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Illustration: Annelise Capossela/Axios

The pace of the economic recovery hinges in part on workers returning to jobs that involve dealing with an unpredictable public. But many of those workers say increasingly combative customers — angry about everything from long wait times to mask mandates — have prompted them to quit.

The big picture: Aggressive and violent clashes between customers and service workers over COVID safety protocols over the past nearly two years have led to prison sentences, fines and deaths.

  • Many workers say they're simply not willing to put up with the abuse any longer — and their employers are often taking their side, even in industries that have long deferred to their customers.
  • Businesses have shut down in support of their employees. Some industries have provided self-defense classes and banded together on public awareness campaigns.

Driving the news: Workers in restaurants, bars, hotels (6.8%) and retail (4.7%) businesses quit at a higher rate in August than the record national rate (2.9%), new data from the Labor Department on Tuesday showed.

Because consumers were so used to a “frictionless economy" before the pandemic, there was no tolerance for a slowdown in services as businesses opened back up, says Melissa Swift, U.S. Transformation Leader at Mercer, a consulting firm.

  • Class, she says, also comes into play. 
  • “Technology has insulated the upper classes from the physical labor that enables their lifestyle," she said.

What they’re saying: "I was extremely lucky to work in a place where the employer treated the employees well and everyone made excellent money. ... [Customers] did make me quit," former bartender who goes by Ash in West Virginia, tells Axios Today.

  • “What really hurts is that the same people whining about people on unemployment were the same people who would come in and treat the people actually working like [crap],” she continued, saying that she also moved to Michigan.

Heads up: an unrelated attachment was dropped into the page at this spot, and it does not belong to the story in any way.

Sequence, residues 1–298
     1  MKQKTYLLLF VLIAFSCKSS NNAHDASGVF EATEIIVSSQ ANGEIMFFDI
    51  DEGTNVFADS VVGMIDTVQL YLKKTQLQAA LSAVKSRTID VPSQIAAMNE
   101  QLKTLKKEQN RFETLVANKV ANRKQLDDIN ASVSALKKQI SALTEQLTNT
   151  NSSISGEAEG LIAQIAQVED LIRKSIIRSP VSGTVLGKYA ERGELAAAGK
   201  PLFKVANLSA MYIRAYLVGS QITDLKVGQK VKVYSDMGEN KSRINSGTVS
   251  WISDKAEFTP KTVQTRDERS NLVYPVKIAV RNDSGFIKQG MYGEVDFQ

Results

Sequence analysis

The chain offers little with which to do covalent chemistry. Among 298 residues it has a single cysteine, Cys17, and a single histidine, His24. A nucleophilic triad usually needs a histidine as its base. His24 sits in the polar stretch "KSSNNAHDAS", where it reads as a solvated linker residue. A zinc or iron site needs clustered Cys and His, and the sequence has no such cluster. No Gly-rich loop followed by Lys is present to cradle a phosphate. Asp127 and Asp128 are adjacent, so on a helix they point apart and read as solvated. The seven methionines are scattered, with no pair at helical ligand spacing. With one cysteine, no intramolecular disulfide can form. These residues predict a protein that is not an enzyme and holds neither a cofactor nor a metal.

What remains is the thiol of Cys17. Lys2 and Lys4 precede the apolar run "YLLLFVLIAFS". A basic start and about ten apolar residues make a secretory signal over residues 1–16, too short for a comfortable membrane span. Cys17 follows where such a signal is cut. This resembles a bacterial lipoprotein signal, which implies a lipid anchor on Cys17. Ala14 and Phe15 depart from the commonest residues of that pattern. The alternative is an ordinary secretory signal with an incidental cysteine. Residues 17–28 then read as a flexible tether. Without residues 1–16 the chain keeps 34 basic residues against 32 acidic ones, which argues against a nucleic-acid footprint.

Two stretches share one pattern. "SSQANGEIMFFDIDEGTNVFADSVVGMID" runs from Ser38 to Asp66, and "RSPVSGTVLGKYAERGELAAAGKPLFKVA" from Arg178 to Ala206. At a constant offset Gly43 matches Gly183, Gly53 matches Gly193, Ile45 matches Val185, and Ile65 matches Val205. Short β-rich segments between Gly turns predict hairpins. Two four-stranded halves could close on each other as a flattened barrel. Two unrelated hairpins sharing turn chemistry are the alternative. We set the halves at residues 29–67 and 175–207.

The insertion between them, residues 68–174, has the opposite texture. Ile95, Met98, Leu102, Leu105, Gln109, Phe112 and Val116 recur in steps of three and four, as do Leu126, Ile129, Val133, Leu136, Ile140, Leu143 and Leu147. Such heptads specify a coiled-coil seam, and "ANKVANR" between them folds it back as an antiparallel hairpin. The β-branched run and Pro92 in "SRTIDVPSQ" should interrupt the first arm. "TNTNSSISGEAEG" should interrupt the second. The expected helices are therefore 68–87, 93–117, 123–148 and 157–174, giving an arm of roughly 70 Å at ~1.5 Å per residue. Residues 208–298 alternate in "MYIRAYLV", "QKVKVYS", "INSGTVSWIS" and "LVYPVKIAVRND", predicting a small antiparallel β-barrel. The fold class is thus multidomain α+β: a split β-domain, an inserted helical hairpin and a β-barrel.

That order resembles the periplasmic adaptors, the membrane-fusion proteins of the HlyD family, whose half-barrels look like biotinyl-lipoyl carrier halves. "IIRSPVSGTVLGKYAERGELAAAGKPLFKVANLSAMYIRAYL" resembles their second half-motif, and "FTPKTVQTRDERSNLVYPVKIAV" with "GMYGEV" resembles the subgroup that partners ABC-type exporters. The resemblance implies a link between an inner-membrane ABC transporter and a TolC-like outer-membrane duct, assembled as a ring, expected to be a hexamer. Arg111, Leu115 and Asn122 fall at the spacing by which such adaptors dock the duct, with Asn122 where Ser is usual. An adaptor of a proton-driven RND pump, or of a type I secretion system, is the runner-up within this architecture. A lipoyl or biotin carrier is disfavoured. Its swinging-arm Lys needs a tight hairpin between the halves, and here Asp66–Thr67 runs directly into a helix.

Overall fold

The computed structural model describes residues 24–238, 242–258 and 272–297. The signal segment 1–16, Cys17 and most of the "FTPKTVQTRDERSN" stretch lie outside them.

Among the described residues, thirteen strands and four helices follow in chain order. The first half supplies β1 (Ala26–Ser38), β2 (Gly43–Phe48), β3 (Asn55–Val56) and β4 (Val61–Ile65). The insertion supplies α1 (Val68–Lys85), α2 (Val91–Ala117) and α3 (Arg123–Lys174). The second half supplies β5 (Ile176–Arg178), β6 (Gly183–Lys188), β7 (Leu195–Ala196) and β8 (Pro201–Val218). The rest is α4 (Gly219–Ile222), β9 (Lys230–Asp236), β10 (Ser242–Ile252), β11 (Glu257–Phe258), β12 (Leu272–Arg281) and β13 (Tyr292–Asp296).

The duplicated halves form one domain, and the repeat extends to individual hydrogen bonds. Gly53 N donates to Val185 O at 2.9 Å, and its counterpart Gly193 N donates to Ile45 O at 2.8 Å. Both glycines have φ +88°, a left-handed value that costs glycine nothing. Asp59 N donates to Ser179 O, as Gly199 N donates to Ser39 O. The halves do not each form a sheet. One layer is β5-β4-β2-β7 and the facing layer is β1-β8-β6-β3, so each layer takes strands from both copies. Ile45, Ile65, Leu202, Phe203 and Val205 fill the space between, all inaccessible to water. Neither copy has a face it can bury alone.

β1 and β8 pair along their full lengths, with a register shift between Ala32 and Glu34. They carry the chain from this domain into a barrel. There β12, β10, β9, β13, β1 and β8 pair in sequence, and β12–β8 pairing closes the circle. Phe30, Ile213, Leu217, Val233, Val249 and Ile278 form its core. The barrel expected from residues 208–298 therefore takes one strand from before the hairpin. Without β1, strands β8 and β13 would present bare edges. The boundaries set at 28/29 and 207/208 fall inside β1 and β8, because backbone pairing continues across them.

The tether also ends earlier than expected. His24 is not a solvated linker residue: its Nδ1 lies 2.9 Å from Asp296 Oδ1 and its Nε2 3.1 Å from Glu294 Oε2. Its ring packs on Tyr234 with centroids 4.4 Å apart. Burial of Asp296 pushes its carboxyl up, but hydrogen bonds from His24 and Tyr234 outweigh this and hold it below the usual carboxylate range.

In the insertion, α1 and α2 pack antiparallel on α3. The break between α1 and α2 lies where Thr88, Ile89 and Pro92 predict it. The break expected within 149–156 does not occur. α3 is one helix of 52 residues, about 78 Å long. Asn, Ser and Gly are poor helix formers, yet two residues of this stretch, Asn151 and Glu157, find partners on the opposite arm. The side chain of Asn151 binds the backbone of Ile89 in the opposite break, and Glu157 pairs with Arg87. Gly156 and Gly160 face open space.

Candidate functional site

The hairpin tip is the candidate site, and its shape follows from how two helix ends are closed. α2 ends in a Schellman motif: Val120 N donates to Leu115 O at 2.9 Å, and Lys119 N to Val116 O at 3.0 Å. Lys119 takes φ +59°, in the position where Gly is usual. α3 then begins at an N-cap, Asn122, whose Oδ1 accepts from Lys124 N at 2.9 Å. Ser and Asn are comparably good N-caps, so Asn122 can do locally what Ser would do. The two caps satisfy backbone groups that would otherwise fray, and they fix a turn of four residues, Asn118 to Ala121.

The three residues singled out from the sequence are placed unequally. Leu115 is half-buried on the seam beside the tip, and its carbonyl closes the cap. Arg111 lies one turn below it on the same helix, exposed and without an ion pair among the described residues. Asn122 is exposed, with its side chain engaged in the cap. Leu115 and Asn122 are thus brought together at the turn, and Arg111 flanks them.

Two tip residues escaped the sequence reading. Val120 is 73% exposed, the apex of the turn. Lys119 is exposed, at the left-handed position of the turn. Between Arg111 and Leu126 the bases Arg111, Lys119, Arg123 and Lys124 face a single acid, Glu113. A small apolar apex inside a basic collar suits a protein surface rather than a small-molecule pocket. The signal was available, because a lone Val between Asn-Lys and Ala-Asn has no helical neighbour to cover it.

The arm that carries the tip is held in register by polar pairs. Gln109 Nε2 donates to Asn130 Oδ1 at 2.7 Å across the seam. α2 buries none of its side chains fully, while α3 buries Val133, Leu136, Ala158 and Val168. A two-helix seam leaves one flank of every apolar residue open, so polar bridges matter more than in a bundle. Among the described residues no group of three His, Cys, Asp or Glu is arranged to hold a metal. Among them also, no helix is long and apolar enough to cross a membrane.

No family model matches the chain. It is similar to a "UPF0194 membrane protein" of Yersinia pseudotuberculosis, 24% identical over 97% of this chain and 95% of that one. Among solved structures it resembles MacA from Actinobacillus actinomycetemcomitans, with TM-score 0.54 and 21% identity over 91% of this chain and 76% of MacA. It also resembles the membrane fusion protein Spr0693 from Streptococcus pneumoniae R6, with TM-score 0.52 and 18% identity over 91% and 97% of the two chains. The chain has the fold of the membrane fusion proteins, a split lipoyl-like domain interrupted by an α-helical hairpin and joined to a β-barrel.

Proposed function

• “[As] an essential business — [we] continued to work tirelessly through the entire pandemic … All we ask for in return is empathy, courtesy and understanding,” says Casey Carville, who runs a group of nonprofit veterinary clinics in Texas.

Between the lines: This trend of increasingly unpleasant, sometimes violent customers is changing the balance of power within the industry.

  • “We’ve unnaturally privileged the consumer over the employee for a while now,” Swift said. “We’re seeing a shift away from customer obsession to a more balanced view of the world.” 
  • "Organizations have been forced to confront the fact that unhappy employees cannot provide the customer experience they’re targeting," she added.

What to watch: If consumer behavior doesn’t improve, more workers may leave, putting the workers who stay at more risk of abuse and placing even greater challenges on businesses to operate.

  • Workers' fears would likely abate if more Americans get vaccinated and the risk of getting infected on the job declines. That would also allow businesses and local governments to ease up on mask mandates that workers are often tasked with enforcing.

The bottom line: The customer is no longer always right.

Editor's note: This story has been updated to reflect the latest quit rates that were released after the story was published.

Go deeper

Amazon ordered to redo union vote in Alabama

Photo: Patrick Pleul/picture alliance via Getty Images

A U.S. National Labor Relations Board (NLRB) official on Monday called for a re-vote in a union election at an Amazon warehouse in Bessemer, Alabama.

Why it matters: The move could set the stage for another organizing drive at the e-commerce giant, which has, so far, fought off unionizing efforts in the U.S.

Philly School District staff shortage compounds pandemic challenges

An unidentified student exits the bus on her way to school. Photo: William Thomas Cain/Getty

Philadelphia school staff members are spreading themselves thin as the district struggles to fill many vacant positions amid an ongoing worker shortage.

Driving the news: About 50 district administrative staff members will be temporarily teaching classes, monitoring cafeterias and answering phones in a handful of schools starting this week, the Philadelphia Inquirer reports.

Exclusive analysis: Tampa Bay's true unemployment rate

Expand chart
Data: Ludwig Institute; Map: Danielle Alberti/Axios

The Tampa-St. Pete-Clearwater metro was among 16 of the 98 most populous areas in the country to actually grow living-wage jobs during the pandemic, according to analysis that purports to measure a more accurate unemployment rate.

Why it matters: When we think about unemployment, we don't often think about the people who are underemployed or don't make a livable wage.